A **Greedy algorithm** is an algorithmic approach that makes the locally optimal choice at each step with the hope of finding a global optimum. In other words, it makes the best decision at each step by choosing the most beneficial option available at that moment, without considering the long-term effects of that decision.

**Greedy algorithms** are used to solve optimization problems, where the goal is to find the best solution from a set of possible solutions. They work by iteratively making a series of choices that maximize (or minimize) some measure of performance or cost.

One of the key advantages of Greedy algorithms is their simplicity and speed. They can often provide a good approximation to the optimal solution in a relatively short amount of time. However, they do not always guarantee an optimal solution and may only provide an approximate solution that is close to the optimal one.

Some common examples of problems that can be solved using Greedy algorithms include the Activity Selection Problem, Knapsack problem, the Minimum Spanning Tree problem, and the Huffman coding problem.

We can take an example of **Activity Selection Problem** to understand the greedy approach. This problem is also important for **interviews, **and it has been asked many times in different interviews:

The **Activity Selection Problem** is an optimization problem in which you are given a set of activities, each with a start and finish time. The goal is to select the maximum number of activities that can be performed by a single person or resource, assuming that a person can only work on a single activity at a time.

A common approach to solving the Activity Selection Problem is to use a **Greedy algorithm**. The idea is to sort the activities by their finish times and always select the next activity that finishes first. This ensures that there is always enough time to perform the maximum number of activities.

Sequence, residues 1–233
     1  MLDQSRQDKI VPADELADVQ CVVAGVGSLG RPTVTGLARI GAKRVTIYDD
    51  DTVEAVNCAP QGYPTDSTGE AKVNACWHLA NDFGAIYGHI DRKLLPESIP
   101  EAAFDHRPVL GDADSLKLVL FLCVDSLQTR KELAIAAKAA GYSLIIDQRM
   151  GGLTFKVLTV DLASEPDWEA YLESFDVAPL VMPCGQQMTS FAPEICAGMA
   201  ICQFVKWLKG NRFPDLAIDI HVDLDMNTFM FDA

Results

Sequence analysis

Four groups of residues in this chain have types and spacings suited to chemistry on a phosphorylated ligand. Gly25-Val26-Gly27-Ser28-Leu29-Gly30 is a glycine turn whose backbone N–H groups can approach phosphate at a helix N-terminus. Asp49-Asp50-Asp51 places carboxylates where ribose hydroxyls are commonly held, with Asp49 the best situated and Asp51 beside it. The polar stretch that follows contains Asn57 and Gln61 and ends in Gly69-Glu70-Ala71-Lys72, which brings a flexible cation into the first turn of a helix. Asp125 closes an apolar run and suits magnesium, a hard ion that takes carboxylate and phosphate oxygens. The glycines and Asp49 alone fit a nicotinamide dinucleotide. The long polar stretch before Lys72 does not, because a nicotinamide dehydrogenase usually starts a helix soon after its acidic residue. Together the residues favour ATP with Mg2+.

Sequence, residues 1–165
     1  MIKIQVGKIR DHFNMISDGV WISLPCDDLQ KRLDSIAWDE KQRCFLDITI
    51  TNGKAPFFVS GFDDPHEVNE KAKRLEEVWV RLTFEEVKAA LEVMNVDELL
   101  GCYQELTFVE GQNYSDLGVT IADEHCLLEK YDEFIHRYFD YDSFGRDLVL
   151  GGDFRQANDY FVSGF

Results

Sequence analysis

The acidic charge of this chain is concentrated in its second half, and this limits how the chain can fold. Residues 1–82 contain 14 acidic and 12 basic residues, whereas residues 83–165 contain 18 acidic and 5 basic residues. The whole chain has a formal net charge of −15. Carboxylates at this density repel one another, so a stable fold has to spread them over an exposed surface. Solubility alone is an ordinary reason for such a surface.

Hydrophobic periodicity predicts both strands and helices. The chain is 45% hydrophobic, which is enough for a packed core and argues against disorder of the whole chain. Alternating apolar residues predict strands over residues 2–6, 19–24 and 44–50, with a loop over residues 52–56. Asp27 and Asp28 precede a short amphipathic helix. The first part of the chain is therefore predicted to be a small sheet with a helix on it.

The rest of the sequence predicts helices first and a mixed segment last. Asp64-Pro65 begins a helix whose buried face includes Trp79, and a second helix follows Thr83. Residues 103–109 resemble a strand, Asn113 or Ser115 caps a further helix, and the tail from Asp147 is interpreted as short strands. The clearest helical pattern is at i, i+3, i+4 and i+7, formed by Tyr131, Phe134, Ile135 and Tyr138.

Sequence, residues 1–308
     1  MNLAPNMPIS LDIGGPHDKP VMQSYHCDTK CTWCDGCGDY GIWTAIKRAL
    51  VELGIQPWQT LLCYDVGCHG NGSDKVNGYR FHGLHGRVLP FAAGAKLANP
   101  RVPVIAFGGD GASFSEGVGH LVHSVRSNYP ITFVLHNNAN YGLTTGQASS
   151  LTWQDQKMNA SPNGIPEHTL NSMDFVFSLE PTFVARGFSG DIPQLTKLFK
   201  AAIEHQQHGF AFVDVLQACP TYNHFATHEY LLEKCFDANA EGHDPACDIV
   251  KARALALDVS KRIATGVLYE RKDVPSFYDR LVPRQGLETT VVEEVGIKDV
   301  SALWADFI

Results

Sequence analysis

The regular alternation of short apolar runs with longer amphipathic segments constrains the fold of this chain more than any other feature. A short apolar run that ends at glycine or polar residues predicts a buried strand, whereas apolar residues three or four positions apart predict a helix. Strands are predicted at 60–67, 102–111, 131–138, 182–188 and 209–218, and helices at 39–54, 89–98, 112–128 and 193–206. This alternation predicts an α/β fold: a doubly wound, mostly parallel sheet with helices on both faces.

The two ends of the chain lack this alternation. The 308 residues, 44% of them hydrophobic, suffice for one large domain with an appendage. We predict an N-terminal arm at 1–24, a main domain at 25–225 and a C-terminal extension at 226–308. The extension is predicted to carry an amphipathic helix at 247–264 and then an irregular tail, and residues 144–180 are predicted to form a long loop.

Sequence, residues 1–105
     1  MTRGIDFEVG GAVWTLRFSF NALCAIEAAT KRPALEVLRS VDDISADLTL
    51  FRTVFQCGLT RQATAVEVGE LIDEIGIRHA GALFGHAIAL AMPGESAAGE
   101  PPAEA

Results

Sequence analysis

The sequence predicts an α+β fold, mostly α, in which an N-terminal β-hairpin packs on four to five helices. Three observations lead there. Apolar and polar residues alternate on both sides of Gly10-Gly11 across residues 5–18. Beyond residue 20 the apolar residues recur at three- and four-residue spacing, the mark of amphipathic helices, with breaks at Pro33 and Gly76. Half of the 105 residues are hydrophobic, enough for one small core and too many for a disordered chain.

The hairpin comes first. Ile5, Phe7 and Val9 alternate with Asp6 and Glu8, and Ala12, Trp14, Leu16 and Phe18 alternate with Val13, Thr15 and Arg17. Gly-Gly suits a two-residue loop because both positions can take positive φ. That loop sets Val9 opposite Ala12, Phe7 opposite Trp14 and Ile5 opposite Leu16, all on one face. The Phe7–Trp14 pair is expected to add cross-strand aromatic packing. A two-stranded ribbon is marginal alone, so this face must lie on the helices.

Here’s an example: Suppose you have the following activities with their start and finish times: (1, 4), (3, 5), (0, 6), (5, 7), (3, 8), (5, 9), (6, 10), (8, 11), (8, 12), (2, 13), (12, 14). The optimal solution to this problem would be to select activities (1, 4), (5, 7), (8, 11), and (12, 14) for a total of four activities.

The above code is an implementation of the Greedy algorithm for solving the Activity Selection Problem. The `PrintMaxActivities`

function takes as input two arrays `s`

and `f`

of length `n`

, representing the start and finish times of `n`

activities, respectively. The goal is to select the maximum number of activities that can be performed by a single person or resource, assuming that a person can only work on a single activity at a time.

The function starts by initializing a variable `i`

to 0, representing the index of the first activity to be selected. It then prints the index of this activity to the console using `Console.Write(i + " ")`

.

Next, the function enters a loop that iterates over the remaining activities from index 1 to `n-1`

. For each activity `j`

, it checks if the start time `s[j]`

is greater than or equal to the finish time `f[i]`

of the previously selected activity. If this condition is true, it means that the activity `j`

can be performed after the activity `i`

, so it prints the index of activity `j`

to the console using `Console.Write(j + " ")`

and updates the value of `i`

to `j`

.

By the end of the loop, the function will have printed the indices of all activities that can be performed by a single person or resource without overlapping.

```
public void PrintMaxActivities(int[] s, int[] f, int n)
{
int i = 0;
Console.Write(i + " ");
for (int j = 1; j < n; j++)
{
if (s[j] >= f[i])
{
Console.Write(j + " ");
i = j;
}
}
}
```

**Time Complexity:** O(N)

**Auxiliary Space:** O(1)